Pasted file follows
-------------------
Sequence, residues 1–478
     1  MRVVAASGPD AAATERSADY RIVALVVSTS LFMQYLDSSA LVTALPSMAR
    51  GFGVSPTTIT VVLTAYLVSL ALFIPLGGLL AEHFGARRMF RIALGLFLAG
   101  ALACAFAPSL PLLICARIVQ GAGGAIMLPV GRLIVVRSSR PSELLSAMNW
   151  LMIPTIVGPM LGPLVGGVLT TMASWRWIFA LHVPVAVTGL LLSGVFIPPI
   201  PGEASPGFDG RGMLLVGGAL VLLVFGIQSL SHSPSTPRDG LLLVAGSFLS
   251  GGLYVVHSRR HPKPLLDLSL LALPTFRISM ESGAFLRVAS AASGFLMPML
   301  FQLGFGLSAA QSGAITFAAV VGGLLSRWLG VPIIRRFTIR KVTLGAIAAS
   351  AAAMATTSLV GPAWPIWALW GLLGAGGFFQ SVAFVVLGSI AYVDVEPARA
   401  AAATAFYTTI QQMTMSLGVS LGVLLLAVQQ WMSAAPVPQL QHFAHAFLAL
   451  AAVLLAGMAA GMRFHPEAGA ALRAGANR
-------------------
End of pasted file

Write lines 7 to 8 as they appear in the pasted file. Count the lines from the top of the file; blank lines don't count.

   251  GGLYVVHSRR HPKPLLDLSL LALPTFRISM ESGAFLRVAS AASGFLMPML
   301  FQLGFGLSAA QSGAITFAAV VGGLLSRWLG VPIIRRFTIR KVTLGAIAAS